“I want to emphasise that (..) no country in the world has as many military bases abroad as the United States. There are hundreds of them (…) around the world,” Putin said.

Referring to the growing Western military support for Kyiv, Putin issued a veiled threat, stating that “the more long-range Western systems are being delivered to Ukraine, the farther we will be forced to move the threat from our borders.”

Spelling more bad news for global security, he announced that Russia will “halt its participation” in New START, the last major nuclear arms control agreement remaining between Russia and the United States.

The US State Department had already determined that Russia was not complying with the New START treaty, making the announcement at the end of January.

Donbas and economic reconstruction

The one-hour speech was less angry and forceful in tone than his September address, when he announced a draft of hundreds of thousands of civilians, and he seemed more focused on preparing Russia’s society and the military for tough times ahead.

He also sought to offer some hope as he vowed to ‘protect’ the people in the Donbas and promised support to the occupied territories of Donetsk, Luhansk, Zaphorizhia and Crimea.

“We have already begun and will continue to build up a large-scale programme for the socio-economic recovery and development of these new subjects of the Federation [ed.: territory annexed from Ukraine],” he said.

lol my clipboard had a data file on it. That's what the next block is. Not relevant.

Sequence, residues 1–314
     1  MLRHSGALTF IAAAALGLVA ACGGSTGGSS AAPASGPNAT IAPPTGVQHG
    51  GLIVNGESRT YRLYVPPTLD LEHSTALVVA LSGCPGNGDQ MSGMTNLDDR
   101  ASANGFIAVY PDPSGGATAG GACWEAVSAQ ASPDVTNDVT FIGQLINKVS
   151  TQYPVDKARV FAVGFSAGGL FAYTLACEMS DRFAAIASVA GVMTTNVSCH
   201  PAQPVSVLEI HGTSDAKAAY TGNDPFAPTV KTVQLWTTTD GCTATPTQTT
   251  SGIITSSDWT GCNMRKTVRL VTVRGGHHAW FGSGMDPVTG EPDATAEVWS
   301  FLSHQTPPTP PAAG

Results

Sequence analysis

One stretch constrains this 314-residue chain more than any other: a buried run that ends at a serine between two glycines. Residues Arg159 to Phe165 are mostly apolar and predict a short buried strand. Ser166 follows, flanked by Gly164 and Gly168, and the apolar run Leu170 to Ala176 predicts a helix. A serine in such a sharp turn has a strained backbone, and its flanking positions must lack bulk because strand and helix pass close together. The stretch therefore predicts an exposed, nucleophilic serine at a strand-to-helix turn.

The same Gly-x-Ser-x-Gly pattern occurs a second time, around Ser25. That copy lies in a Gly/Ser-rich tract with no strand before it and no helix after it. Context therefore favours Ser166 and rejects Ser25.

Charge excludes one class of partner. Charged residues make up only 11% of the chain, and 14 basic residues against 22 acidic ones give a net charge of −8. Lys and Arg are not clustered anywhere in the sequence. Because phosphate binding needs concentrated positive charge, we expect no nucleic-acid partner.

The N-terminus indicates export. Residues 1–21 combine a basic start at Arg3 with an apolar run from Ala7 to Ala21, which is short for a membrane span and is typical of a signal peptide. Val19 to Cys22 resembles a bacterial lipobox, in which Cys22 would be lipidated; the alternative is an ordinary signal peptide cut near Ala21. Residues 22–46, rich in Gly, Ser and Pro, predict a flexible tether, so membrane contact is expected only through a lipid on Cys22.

No alternative to Ukrainian victory, Zelenskyy tells Munich Security Conference

There is “no alternative to Ukrainian victory” as Kyiv presses on with efforts to fight back against invading Russia’s forces, Ukraine’s President Volodymyr Zelenskyy told the Munich Security Conference on Friday (17 January).

“We are talking about reviving enterprises and jobs in the ports of the Sea of Azov, which has again become an inland sea of Russia, and building new modern roads, as we did in Crimea”, he said, referring to the peninsula Russia invaded and annexed in 2014.

“This land, which is ours, will become prosperous again,” Putin declared, without specifying what those plans would specifically entail.

He also announced the creation of a “special state fund” to provide “personalised help to the families of dead fighters and the veterans of the ‘special military operation’.”

Sanctions impact on Russia’s economy

Putin claimed that economic sanctions imposed by the West have not crippled Russia as intended.

He said Russia’s economic output had declined 2.1% last year and added that this number was far below the initial predictions of how much Western sanctions would harm the country’s economy.